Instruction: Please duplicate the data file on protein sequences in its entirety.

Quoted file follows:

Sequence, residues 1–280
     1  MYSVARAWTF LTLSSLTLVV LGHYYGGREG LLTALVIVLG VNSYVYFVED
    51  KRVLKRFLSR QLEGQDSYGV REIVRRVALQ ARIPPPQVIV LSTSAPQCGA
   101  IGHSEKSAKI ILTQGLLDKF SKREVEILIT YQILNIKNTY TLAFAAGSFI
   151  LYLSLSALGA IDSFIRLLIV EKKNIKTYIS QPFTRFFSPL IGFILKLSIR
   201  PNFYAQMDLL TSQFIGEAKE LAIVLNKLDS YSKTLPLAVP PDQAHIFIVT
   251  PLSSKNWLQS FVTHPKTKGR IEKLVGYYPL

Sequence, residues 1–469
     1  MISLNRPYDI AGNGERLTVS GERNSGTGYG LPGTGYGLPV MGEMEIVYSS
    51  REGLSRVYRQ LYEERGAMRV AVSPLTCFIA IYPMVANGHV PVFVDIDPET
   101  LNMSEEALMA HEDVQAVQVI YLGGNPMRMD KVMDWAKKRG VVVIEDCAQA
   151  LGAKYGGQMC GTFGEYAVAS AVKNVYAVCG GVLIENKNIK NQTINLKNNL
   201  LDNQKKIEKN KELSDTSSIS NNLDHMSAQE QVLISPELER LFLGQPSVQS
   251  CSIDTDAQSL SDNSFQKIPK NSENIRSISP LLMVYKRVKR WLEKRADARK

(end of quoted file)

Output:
Sequence, residues 1–280
     1  MYSVARAWTF LTLSSLTLVV LGHYYGGREG LLTALVIVLG VNSYVYFVED
    51  KRVLKRFLSR QLEGQDSYGV REIVRRVALQ ARIPPPQVIV LSTSAPQCGA
   101  IGHSEKSAKI ILTQGLLDKF SKREVEILIT YQILNIKNTY TLAFAAGSFI
   151  LYLSLSALGA IDSFIRLLIV EKKNIKTYIS QPFTRFFSPL IGFILKLSIR
   201  PNFYAQMDLL TSQFIGEAKE LAIVLNKLDS YSKTLPLAVP PDQAHIFIVT
   251  PLSSKNWLQS FVTHPKTKGR IEKLVGYYPL

Sequence, residues 1–469
     1  MISLNRPYDI AGNGERLTVS GERNSGTGYG LPGTGYGLPV MGEMEIVYSS
    51  REGLSRVYRQ LYEERGAMRV AVSPLTCFIA IYPMVANGHV PVFVDIDPET
   101  LNMSEEALMA HEDVQAVQVI YLGGNPMRMD KVMDWAKKRG VVVIEDCAQA
   151  LGAKYGGQMC GTFGEYAVAS AVKNVYAVCG GVLIENKNIK NQTINLKNNL
   201  LDNQKKIEKN KELSDTSSIS NNLDHMSAQE QVLISPELER LFLGQPSVQS
   251  CSIDTDAQSL SDNSFQKIPK NSENIRSISP LLMVYKRVKR WLEKRADARK